Arizona Women's Track and Field Finishes Third at NCAAs
June 2, 2001
EUGENE, Ore. - In a span of 72 hours, University of Arizona junior Brianna Glenn went from being the underdog to the top dog.
Glenn won the 200m title Saturday at the NCAA Outdoor Track and Field Championships at Hayward Field, completing a meet where she won the long jump on Wednesday and then finished third in the 100m and claimed victory in the 200m today.
Despite the fantastic meet, Glenn was not one for hyperbole in the interview tent after her 200m victory.
'I'm pretty pleased with (my performance),' said Glenn, who scored total of 26 points for the Wildcats at the meet. 'I came in here with high expectations, and this pretty much fulfilled what I wanted to do.'
Glenn scored a total of 26 points for the Wildcats, leading them to a third place overall finish with 44 points.
'This was a great team effort. What we did as a team is truly remarkable,' Arizona director of track and field Dave Murray said. 'Brianna was unbelievable as an individual. We had a great meet and are very proud of what we were able to do.'
The Wildcats notched highest team finish in their track and field history, men or women. The Arizona women tied for third place at this year's NCAA Indoor Championships.
Yesterday, Wildcat senior Andrea Dutoit won the pole vault, giving Arizona three NCAA champions, the most by any team -- men or women -- at the meet and the most in school history in a single year. Arizona now has 15 individual winners in women's history, the sixth most in NCAA history.
Southern California and UCLA made it a Pacific-10 Conference 1-2-3 sweep of the competition. The Trojans won with 64 points, while the Bruins had 55 in second. It is the first time a conference has ever gone 1-2-3 in a women's NCAA Track and Field Championships. Stanford was eighth, Arizona State placed 14th and Washington State finished 18th, making it six Pac-10 teams in the top-20.
Tennessee won the men's title with 50 points, and Texas Christian was second with 49. The Wildcat men finished without a point at the meet.
Less than 40 minutes after she finished third in the 100m, Glenn shot out of the blocks in the 200m with a fantastic start. She led the race coming off the turn, but Louisiana State freshman Muna Lee caught her and presented a significant challenge.
Glenn did not back down, however, taking the lead with approximately 60 meters to go, dipping at the tape in a wind-aided time of 22.92 seconds. Lee finished second in 23.05.
'I knew that I had to get out and run my race, the type of race where I got out well and got into the lead,' Glenn said. 'I had a very good start, and I knew that I was in the race when I came off the turn. Coming down the stretch, I just pushed and was able to get ahead of her (Lee) for the win.'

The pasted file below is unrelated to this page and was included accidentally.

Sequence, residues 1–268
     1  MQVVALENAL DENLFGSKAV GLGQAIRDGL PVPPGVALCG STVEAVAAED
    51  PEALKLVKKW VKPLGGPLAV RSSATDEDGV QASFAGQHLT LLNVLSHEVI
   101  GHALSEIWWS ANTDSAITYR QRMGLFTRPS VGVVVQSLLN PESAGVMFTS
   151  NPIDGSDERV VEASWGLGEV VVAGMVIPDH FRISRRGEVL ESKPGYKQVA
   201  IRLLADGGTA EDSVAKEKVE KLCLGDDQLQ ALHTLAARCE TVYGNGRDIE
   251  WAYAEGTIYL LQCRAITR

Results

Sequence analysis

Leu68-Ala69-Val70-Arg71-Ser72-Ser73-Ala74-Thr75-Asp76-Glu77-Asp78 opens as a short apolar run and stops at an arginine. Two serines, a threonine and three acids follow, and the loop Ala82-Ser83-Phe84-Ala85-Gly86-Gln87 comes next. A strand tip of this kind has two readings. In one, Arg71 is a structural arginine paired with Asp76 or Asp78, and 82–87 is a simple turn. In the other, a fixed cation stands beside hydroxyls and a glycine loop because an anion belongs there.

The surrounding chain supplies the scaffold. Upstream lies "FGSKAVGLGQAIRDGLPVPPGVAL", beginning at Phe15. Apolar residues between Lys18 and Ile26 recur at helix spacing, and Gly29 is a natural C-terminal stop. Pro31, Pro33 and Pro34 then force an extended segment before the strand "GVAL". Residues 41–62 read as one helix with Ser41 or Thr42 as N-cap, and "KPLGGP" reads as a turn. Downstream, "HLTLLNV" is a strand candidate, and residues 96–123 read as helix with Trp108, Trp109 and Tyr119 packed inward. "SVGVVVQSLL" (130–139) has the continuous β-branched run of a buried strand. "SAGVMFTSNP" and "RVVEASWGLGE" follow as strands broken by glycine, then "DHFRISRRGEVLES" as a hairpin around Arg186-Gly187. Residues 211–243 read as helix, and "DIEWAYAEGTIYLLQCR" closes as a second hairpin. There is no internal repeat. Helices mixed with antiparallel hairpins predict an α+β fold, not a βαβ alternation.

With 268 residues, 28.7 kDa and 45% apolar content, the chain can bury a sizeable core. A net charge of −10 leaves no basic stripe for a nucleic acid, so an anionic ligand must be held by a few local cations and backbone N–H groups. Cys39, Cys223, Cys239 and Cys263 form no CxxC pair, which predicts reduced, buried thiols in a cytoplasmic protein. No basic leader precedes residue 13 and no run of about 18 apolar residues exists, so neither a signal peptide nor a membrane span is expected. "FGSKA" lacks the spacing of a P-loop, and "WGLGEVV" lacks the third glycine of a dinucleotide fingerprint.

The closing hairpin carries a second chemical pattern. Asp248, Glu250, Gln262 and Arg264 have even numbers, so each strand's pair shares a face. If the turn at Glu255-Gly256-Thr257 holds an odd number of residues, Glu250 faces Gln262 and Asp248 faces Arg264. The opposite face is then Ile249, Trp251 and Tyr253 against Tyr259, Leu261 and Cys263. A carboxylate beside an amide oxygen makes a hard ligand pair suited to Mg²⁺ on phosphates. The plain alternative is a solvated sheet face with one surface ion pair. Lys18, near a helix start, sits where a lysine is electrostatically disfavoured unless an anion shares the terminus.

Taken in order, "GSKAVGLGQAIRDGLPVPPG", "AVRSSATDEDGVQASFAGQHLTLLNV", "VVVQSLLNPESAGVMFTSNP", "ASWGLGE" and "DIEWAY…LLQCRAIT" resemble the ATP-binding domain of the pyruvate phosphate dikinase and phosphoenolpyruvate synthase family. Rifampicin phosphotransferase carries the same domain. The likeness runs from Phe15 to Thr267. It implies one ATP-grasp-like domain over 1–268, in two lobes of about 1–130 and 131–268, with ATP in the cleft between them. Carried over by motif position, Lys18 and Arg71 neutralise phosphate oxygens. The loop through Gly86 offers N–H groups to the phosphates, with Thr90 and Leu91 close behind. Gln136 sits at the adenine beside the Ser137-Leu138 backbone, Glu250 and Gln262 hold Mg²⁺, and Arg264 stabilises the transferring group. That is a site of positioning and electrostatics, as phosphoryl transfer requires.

Her event coach, Arizona associate head coach Fred Harvey, said she ran the perfect race.
'Brianna knew what she had to do going into the race -- get out and challenge for the lead immediately,' Harvey said. 'She was able to do that, and then she just took off down the stretch. She showed today that she is one of the best, not only in college, but in the country.'
The victory completed one of the best four-day stretches in history for an Arizona women's athlete. Glenn became the fourth Arizona women's track and field athlete to win two events at the NCAA Championships. Meg Ritchie (shot put and discus, 1980 and 1982), Carla Garrett (shot put and discus, 1989) and Amy Skieresz (5,000m and 10,000m in 1997 and 1998) were the others.
Glenn, who prepped at La Mirada High School in Orange County, Calif., also became the only women's competitor at the meet to win two events. She also set a new standard for double winners at NCAA Championships, becoming the first woman to win a sprint event and the long jump in the same competition.
'I usually think of myself as a sprinter who long jumps,' said Glenn, whose time in the 200m was her best ever under any conditions. 'I think now I am going to be looked at as more of an all-around athlete who is dangerous in both of the events. Winning the long jump and the 100m and 200m (both at the Pac-10 Championships) gave me a lot of confidence coming into this meet.'
Glenn, whose 26 points as an individual would have tied her for 10th as a team, enetered the competition ranked 21st out of 24 competitors in the 200m, but won her heat Wednesday and the final today.
Approximately 40 minutes before she won the 200m, Glenn finished third in the 100m with a wind-aided time of 11.21 seconds. She improved over her fourth place finish last year in the event. Glenn's time tied the second-best time of her career under any conditions.
USC junior Angela Williams became the first three-time champion in the event, running 11.05 to best UCLA senior Shakedia Jones, who ran 11.10.
Competing in her first NCAA Championships, junior Angela Foster finished fifth in the women's hammer throw with a toss of 204-1 (62.21m). Foster, who transferred from Moorpark (Calif.) College and set the school record this year, made the finals with a throw of 197-5 (60.17m) on her third attempt.
She then threw 203-1 (61.90m), on her fifth attempt and closed with her best throw on her sixth and final attempt. Southern Methodist's Florence Ezeh won the event, breaking the meet and Hayward Field record three times during the day, with a throw of 219-4 (66.85m).
Wildcat senior and Tucson native Erin Doherty was running well in the first lap of the 1,500m, but was bumped and fell on the second lap. She recovered to finish 12th in 4 minutes, 39.57 seconds. Appalachia State's Mary Jayne Harrelson, the 1999 event winner, coasted to the win in 4:14.30.
Arizona junior Tara Chaplin finished 23rd in the 5,000m in a time of 16:45.81 to round out the competition for the Wildcats.
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